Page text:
GuideStar worked with BoardSource, the national leader in nonprofit board leadership and governance, to create this section.

  • Board orientation and education
    Does the board conduct a formal orientation for new board members and require all board members to sign a written agreement regarding their roles, responsibilities, and expectations? Yes
  • CEO oversight
    Has the board conducted a formal, written assessment of the chief executive within the past year ? Yes
  • Ethics and transparency
    Have the board and senior staff reviewed the conflict-of-interest policy and completed and signed disclosure statements in the past year? Yes
  • Board composition
    Does the board ensure an inclusive board member recruitment process that results in diversity of thought and leadership? Yes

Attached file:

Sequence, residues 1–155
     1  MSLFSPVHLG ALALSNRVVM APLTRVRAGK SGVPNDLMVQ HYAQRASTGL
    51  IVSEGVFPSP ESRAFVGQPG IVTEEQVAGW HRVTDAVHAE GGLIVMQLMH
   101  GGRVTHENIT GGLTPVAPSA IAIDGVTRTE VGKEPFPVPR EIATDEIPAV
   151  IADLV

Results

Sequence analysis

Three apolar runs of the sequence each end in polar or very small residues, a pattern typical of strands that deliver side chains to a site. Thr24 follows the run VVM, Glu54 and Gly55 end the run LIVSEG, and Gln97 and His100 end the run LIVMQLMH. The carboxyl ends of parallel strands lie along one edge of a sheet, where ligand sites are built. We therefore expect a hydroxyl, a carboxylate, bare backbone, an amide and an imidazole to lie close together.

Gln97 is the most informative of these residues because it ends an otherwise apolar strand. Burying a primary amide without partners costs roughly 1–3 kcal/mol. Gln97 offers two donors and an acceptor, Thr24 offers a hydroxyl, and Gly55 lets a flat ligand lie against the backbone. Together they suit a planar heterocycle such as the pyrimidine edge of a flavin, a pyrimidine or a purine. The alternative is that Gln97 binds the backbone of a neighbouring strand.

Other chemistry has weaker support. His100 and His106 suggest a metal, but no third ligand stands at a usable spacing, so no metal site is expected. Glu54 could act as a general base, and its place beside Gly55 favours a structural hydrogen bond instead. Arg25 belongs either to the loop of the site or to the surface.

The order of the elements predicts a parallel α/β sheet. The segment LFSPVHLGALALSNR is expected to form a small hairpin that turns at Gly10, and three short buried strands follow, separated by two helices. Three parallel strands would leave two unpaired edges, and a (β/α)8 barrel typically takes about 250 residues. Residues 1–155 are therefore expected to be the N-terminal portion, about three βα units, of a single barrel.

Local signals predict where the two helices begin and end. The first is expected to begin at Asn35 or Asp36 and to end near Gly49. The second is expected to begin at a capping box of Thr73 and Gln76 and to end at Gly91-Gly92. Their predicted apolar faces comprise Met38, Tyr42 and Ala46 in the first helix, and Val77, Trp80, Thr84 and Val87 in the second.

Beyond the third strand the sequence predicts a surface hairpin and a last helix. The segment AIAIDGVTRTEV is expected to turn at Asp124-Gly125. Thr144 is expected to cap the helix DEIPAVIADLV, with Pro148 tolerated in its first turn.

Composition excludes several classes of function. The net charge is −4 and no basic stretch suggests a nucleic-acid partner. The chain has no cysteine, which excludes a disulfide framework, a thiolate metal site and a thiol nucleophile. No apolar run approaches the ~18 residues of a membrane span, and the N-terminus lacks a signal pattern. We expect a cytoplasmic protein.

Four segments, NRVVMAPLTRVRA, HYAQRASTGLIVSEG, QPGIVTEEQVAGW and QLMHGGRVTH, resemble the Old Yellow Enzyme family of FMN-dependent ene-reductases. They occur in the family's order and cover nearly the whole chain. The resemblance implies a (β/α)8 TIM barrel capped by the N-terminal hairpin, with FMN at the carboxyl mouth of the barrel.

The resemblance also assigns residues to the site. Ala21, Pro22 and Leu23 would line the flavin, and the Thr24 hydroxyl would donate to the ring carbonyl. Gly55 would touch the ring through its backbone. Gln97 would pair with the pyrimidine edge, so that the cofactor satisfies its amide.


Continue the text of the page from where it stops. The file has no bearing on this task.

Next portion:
• Board performance
    Has the board conducted a formal, written self-assessment of its performance within the past three years? Yes

Organizational demographics

SOURCE: Self-reported; last updated 2/1/2021

Who works and leads organizations that serve our diverse communities? GuideStar partnered on this section with CHANGE Philanthropy and Equity in the Center.

Leadership

The organization's leader identifies as:

Race & ethnicity
White/Caucasian/European
Gender identity
Female, Not transgender (cisgender)
Sexual orientation
Heterosexual or Straight
Disability status
Person without a disability

Race & ethnicity

No data

Gender identity

No data

 

No data

Sexual orientation

No data

Disability

No data